To better understand a food’s impact on blood sugar, you need to look at not just how much glucose it contains but also how quickly the body absorbs that glucose into your bloodstream. This need led to a new measurement: glycemic load (GL). GL adjusts GI to a food’s typical serving size. It’s calculated by multiplying the available carbs in a serving of a food by the GI, then dividing by 100. When you do this, watermelon has a low GL of 8, while a donut has a high GL of 17.

Carb-containing foods may be classified as follows using GL:

  • Low glycemic load: 1-10
  • Moderate glycemic load: 11-19
  • High glycemic load: 20 or higher

Keep in mind: While GL may be more practical than GI for predicting postprandial blood sugar response (i.e., blood sugar after eating), neither accounts for the fact that people typically eat foods in the context of mixed meals and snacks. Adding foods containing protein, fiber, and fat can help slow the absorption of glucose into the bloodstream and lower the overall glycemic impact of a meal, even if it contains a higher glycemic ingredient. This is why it’s a good idea to pair fruit with nut butter, add nuts and seeds to oatmeal, or add protein powder to smoothies. So, you can use a food’s GI or GL as a guide while understanding that food combinations will have a different glycemic impact than their components.

What are the limitations of the glycemic index? Imperfect methodologies and more

GI and GL appear to be somewhat helpful in getting a general idea of which carb-containing foods most significantly impact blood glucose, but there are significant limitations to using these in isolation—particularly if you want to optimize metabolic health.

First, consider the somewhat inconsistent testing methodology used to determine GI values. While a set of international standards was developed for this in 2010 (ISO 2010), the standards still give researchers a choice in how to carry out tests in several key areas—leaving room for variability in results. For example, the source and form of glucose used, where blood is collected (capillary vs venous collection), what (if any) drink is provided during testing (water, tea, coffee, etc), and the device used to analyze blood glucose (glucometer or other clinical glucose analyzers) may all differ. Additionally, GI is typically calculated using only a tiny pool of subjects, often as few as 10 people. Given the individual variability in glucose response, these small sample sizes make GI (and GL) challenging to generalize.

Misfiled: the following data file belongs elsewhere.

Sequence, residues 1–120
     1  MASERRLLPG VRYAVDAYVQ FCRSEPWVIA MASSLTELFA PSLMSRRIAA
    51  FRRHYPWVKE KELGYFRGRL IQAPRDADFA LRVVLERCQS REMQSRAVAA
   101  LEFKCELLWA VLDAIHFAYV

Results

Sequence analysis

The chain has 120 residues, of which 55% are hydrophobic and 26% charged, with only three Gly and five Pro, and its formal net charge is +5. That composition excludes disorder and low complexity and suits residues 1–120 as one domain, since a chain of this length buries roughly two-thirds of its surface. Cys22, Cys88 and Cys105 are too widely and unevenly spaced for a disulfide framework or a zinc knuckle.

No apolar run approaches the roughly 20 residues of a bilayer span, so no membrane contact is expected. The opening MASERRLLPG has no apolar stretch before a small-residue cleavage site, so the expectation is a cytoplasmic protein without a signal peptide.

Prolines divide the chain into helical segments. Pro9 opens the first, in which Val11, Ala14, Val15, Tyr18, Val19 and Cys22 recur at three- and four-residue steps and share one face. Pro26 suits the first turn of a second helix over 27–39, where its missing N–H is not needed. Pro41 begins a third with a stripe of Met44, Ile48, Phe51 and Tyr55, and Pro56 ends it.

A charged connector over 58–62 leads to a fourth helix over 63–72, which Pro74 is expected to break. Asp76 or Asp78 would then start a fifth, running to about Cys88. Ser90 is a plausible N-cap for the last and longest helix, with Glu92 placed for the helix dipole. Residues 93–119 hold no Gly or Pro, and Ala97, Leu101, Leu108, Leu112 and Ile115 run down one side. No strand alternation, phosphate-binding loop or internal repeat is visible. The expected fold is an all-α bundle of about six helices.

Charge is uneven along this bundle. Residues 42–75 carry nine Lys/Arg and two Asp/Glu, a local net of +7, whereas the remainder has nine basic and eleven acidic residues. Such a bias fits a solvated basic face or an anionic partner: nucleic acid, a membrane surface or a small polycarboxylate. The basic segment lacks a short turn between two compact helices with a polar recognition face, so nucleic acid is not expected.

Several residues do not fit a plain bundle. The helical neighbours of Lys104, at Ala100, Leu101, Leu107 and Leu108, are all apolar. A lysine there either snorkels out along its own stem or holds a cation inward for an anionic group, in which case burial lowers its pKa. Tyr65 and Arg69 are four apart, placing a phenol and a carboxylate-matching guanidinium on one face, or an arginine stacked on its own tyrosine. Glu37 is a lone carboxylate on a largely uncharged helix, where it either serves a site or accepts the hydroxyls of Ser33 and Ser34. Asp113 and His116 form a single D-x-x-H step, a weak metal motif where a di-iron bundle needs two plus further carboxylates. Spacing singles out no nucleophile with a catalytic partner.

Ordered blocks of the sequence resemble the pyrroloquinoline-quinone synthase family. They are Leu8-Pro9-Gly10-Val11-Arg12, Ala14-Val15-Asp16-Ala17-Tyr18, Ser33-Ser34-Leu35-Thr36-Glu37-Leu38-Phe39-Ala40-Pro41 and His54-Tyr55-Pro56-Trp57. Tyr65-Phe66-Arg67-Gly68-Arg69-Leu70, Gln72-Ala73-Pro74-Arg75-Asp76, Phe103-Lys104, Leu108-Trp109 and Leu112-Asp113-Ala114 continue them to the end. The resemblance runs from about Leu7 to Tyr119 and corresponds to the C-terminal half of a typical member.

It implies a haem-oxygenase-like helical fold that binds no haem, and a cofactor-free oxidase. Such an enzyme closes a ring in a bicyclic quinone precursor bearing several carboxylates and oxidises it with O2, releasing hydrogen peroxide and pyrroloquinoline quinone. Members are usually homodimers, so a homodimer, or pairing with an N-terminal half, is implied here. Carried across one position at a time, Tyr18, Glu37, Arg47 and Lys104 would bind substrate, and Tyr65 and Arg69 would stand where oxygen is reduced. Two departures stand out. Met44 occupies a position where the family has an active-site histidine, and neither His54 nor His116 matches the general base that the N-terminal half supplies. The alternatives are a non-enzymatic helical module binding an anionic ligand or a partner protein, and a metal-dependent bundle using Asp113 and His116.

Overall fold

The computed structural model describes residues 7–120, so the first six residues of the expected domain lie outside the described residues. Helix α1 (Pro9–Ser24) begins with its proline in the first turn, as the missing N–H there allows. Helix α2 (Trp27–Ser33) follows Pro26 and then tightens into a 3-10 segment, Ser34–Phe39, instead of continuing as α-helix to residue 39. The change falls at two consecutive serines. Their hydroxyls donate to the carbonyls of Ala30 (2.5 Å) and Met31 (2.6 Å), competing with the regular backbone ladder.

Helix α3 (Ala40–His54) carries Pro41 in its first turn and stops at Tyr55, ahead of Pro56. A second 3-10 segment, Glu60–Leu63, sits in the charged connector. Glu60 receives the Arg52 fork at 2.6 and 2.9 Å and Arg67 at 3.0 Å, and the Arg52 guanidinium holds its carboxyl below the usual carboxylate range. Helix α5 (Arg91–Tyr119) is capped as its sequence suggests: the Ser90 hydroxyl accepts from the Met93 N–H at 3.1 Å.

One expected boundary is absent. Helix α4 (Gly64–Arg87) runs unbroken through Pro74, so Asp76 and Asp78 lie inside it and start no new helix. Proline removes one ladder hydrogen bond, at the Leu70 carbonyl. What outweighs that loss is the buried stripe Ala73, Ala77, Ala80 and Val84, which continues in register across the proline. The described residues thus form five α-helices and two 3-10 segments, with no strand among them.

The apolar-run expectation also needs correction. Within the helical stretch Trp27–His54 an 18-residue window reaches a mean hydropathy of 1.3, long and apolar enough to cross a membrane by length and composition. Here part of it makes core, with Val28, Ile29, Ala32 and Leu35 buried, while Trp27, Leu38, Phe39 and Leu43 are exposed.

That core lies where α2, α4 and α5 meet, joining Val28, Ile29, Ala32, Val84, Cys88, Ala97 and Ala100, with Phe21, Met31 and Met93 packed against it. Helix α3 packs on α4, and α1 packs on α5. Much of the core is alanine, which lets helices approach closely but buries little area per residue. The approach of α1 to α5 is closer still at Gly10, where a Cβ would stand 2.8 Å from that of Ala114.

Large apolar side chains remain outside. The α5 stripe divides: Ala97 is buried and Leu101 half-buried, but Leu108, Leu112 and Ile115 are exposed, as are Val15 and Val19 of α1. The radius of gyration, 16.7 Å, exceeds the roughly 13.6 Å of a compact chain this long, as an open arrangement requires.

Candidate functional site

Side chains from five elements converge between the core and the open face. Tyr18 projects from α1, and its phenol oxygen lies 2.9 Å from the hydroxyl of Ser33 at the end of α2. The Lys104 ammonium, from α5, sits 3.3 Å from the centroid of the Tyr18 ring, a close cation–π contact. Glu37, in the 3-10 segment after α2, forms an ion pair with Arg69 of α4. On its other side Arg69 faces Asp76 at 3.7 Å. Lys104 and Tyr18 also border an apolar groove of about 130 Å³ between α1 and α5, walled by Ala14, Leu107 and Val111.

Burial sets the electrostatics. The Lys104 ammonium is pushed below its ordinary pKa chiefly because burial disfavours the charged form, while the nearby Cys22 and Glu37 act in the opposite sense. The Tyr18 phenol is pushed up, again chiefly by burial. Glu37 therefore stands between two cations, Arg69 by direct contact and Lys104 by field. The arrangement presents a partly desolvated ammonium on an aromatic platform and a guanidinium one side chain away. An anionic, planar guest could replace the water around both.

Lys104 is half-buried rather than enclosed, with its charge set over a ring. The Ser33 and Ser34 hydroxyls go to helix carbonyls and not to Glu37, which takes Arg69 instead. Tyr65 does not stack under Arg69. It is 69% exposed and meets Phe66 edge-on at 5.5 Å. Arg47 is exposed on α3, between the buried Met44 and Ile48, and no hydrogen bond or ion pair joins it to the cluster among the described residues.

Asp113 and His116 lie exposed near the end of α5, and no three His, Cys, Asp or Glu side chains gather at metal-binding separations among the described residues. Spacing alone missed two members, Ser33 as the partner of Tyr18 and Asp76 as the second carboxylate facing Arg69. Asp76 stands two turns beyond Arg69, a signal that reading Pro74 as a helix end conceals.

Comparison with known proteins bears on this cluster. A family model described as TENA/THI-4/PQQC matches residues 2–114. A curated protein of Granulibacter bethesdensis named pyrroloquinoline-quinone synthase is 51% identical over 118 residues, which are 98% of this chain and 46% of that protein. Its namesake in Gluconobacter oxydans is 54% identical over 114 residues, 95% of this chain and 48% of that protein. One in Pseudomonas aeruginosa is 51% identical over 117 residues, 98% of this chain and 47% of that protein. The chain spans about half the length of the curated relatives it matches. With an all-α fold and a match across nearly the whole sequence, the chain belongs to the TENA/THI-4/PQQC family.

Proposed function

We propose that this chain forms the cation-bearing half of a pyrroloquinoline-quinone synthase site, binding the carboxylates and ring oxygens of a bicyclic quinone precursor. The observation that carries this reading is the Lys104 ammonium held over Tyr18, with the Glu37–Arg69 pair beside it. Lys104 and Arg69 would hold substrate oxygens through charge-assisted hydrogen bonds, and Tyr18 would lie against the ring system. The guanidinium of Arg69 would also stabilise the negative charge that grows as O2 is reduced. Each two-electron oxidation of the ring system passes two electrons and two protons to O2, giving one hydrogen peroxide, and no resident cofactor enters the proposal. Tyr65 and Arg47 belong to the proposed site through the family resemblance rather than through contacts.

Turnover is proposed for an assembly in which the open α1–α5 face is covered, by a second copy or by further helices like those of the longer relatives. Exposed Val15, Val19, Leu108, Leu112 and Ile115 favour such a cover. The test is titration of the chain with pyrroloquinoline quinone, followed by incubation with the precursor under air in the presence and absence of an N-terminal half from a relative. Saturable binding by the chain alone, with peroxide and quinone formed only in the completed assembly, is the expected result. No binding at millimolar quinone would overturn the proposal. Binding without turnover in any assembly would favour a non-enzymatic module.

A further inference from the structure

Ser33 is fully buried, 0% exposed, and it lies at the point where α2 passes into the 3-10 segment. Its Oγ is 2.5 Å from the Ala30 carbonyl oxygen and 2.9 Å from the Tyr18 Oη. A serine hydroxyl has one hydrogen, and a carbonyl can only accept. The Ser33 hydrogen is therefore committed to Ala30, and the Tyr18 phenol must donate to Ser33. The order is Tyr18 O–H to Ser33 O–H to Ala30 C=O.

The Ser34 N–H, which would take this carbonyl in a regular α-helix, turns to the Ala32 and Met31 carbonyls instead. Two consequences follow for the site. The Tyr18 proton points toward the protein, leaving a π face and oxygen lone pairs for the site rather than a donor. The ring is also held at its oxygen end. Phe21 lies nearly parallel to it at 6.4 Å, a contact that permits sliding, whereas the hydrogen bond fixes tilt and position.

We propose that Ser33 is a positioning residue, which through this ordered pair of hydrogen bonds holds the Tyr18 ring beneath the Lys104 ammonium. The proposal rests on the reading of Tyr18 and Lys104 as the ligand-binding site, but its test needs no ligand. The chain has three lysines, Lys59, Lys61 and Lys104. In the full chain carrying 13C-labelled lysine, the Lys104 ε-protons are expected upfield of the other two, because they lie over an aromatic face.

Beyond these imperfections in determining a food’s GI, here are several more reasons GI and GL shouldn’t be the only tool used to plan healthy, blood sugar-friendly meals:

  • GI doesn’t account for how much you eat, as mentioned above. To a point, this can be addressed by focusing on GL, which predicts blood sugar response after eating a typical portion size of a carb-containing food. But remember that larger portions will increase GL, and your typical serving may not be reflected on GL food lists.
  • A food’s GI and GL ranking only applies when the food is eaten on an empty stomach and not consumed with other foods. GI and GL change once you combine foods in typical meals and snacks—so these tools aren’t nearly as straightforward as they seem.
  • GI ignores fructose, another type of sugar commonly found in fruit, as well as in high-fructose corn syrup and table sugar (which is half sucrose, half fructose). Fructose has a low GI as the body processes it differently than glucose, but in excess, it can drive fatty liver, insulin resistance, and other cellular damage. See Levels advisor Dr. Robert Lustig’s take on GI and fructose here.